Support Katie Leclerc @katieleclerc in her Bullying Prevention Campaign #lovebomb #yay

Katie Leclerc has been a long time advocate on the prevention of bullying. She sent out a tweet today that I felt needed to be shared. It reads as follows in bold:

“I know YOU can make a difference! Support bullying prevention. Design a custom t-shirt or buy mine at #lovebomb #yay”

There are many types, levels, and venues of bullying. Looking up the definitions and many variations is lengthy. But to sum it up it is being cruel to another. The various reasons someone would be a bully is just as numerous but the outcome is the same. No one wins; the recipient or the instigator. The levels of pain to the recipient are too numerous to list and though the instigator for whatever reason may think they are winning but in reality they are labeled by others as a bully and no one respects them. It is a loose/loose situation.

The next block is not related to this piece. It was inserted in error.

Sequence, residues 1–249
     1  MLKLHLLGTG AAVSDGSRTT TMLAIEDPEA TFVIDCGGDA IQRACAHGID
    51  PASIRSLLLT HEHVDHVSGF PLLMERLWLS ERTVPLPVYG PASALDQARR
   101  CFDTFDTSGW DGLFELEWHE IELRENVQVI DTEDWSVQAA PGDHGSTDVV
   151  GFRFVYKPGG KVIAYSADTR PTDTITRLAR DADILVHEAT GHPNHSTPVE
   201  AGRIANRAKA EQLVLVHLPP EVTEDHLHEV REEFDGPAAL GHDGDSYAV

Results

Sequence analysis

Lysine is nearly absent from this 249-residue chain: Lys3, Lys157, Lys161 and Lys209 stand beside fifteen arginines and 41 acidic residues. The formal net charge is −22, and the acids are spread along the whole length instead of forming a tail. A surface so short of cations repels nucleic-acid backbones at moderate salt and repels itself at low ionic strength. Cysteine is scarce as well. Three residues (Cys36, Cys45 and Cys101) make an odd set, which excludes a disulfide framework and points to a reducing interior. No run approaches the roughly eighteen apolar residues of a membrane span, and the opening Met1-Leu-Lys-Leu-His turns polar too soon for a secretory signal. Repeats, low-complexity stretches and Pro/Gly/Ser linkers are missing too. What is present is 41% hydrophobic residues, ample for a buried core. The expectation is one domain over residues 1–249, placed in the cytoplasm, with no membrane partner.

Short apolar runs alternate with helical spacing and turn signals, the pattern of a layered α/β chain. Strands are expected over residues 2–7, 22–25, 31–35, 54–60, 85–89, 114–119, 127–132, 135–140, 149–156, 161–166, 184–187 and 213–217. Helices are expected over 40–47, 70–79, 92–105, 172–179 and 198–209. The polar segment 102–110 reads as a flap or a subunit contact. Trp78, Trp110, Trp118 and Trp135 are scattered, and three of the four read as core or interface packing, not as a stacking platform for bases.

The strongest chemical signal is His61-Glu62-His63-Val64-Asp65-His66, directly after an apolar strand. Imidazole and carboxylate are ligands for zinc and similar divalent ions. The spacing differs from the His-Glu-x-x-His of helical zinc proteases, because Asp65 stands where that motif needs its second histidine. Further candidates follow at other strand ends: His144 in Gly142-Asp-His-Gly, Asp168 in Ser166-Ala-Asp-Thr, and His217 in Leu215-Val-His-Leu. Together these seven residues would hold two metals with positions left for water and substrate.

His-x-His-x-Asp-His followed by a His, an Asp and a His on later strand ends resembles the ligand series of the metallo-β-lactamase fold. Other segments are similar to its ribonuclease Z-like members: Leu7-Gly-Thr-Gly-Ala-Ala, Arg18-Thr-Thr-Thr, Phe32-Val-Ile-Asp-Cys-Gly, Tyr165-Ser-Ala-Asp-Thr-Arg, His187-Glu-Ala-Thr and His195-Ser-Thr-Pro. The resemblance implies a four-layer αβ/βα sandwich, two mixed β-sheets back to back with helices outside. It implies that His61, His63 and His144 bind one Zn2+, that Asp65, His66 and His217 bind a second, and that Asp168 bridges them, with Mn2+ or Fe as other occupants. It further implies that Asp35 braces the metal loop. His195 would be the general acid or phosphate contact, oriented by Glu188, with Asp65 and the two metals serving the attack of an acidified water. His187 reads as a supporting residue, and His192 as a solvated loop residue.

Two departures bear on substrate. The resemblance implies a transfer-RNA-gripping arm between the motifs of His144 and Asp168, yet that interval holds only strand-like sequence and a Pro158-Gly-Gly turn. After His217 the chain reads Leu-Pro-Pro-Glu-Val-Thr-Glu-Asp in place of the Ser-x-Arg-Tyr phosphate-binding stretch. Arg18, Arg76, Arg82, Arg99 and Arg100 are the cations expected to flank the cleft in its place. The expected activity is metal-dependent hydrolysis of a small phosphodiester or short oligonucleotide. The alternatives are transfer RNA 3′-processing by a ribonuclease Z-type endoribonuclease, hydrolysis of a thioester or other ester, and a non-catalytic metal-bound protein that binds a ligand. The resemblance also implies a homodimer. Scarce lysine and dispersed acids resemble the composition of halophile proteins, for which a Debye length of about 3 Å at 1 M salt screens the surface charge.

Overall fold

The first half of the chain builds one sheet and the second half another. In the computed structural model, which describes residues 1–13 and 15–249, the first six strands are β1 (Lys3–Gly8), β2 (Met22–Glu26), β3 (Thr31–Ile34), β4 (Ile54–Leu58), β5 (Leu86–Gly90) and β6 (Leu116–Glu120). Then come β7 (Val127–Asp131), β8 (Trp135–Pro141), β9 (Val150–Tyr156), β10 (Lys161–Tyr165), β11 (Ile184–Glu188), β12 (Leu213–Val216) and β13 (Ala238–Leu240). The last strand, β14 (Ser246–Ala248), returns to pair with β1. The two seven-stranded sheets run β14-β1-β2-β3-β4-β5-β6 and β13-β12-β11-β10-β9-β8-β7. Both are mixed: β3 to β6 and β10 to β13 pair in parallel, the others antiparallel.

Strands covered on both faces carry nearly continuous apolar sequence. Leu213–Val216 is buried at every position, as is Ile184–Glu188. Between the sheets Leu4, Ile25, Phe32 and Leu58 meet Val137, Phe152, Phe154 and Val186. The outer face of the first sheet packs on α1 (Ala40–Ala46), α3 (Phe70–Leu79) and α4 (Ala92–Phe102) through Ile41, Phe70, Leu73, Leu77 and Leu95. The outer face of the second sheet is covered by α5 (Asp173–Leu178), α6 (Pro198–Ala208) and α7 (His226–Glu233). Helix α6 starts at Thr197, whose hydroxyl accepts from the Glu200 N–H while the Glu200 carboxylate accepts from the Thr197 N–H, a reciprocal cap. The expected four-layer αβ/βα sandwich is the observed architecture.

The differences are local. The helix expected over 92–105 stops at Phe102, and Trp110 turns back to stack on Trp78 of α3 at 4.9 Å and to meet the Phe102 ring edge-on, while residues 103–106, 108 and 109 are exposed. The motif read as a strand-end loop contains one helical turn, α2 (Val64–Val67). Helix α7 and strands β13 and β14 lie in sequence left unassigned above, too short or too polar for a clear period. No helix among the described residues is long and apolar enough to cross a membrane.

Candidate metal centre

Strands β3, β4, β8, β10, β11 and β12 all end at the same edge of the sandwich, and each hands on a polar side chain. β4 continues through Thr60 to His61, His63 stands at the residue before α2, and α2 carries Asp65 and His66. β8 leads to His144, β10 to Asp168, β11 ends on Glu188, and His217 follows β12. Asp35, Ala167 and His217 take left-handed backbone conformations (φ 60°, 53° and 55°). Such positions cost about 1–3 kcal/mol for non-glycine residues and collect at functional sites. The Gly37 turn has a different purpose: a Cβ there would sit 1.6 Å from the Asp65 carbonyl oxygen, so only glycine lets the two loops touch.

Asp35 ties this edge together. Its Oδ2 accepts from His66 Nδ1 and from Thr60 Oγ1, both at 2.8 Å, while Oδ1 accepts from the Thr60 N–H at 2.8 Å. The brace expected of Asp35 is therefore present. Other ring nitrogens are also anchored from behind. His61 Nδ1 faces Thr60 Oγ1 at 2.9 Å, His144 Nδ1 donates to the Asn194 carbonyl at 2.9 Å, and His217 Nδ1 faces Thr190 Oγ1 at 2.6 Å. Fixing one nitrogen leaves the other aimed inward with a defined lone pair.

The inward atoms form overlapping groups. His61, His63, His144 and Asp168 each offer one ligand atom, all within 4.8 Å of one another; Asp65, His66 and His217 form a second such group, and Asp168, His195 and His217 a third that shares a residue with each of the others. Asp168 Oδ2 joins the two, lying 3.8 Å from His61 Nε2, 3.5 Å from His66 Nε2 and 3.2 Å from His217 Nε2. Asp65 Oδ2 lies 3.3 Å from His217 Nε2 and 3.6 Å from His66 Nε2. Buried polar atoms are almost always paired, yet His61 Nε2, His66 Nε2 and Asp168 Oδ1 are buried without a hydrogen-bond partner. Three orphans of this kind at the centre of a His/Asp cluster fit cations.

I see this on a daily basis and it is more wide spread than most people realize. My hat goes off to Katie Leclerc for taking up this mantle to prevent bullying.

Interpreters Tell the Story from The Interpreter Diaries

Interpreters Tell the Story from The Interpreter Diaries

The Interpreter Diaries

Over the past few posts on the Diaries, I have been telling readers about some of the blogs I enjoy reading. In today’s post, I will add one last blog to that list. This one is of particular significance to me, and I’ll tell you why in a moment.

The AIIC Blog was launched last spring as part of the revamp of the main website of AIIC, the International Association of Conference Interpreters, of which I am a proud member. The blog’s tagline, “Interpreters tell the story,” promises an inside look at a broad range of topics related to the life of a conference interpreter, and that is precisely what it delivers. Recent posts have included a discussion on how government cutbacks might affect language policy, reflections on how techniques for glossary management have changed over the years, an entertaining rant about poor lighting conditions in booths

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Amazing Grace (My Chains Are Gone) in ASL | from Sign Language Interpreter handsvoiceactivated


From YouTube Channel handsvoiceactivated

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